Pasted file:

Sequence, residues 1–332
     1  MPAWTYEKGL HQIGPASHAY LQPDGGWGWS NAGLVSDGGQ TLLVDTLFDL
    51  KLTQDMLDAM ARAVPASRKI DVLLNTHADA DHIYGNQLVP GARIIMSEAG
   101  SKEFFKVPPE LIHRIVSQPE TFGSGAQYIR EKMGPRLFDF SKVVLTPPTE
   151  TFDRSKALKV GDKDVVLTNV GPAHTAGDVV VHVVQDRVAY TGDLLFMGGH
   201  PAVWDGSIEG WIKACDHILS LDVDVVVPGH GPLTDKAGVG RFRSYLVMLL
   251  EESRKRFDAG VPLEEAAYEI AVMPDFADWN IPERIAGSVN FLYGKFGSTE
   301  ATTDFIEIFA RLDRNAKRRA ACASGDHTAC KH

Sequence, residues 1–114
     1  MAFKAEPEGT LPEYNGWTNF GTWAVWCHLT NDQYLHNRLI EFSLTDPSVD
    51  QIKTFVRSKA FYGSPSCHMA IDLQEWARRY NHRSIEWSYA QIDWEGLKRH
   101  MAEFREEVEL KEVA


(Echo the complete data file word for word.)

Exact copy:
Sequence, residues 1–332
     1  MPAWTYEKGL HQIGPASHAY LQPDGGWGWS NAGLVSDGGQ TLLVDTLFDL
    51  KLTQDMLDAM ARAVPASRKI DVLLNTHADA DHIYGNQLVP GARIIMSEAG
   101  SKEFFKVPPE LIHRIVSQPE TFGSGAQYIR EKMGPRLFDF SKVVLTPPTE
   151  TFDRSKALKV GDKDVVLTNV GPAHTAGDVV VHVVQDRVAY TGDLLFMGGH
   201  PAVWDGSIEG WIKACDHILS LDVDVVVPGH GPLTDKAGVG RFRSYLVMLL
   251  EESRKRFDAG VPLEEAAYEI AVMPDFADWN IPERIAGSVN FLYGKFGSTE
   301  ATTDFIEIFA RLDRNAKRRA ACASGDHTAC KH

Sequence, residues 1–114
     1  MAFKAEPEGT LPEYNGWTNF GTWAVWCHLT NDQYLHNRLI EFSLTDPSVD
    51  QIKTFVRSKA FYGSPSCHMA IDLQEWARRY NHRSIEWSYA QIDWEGLKRH
   101  MAEFREEVEL KEVA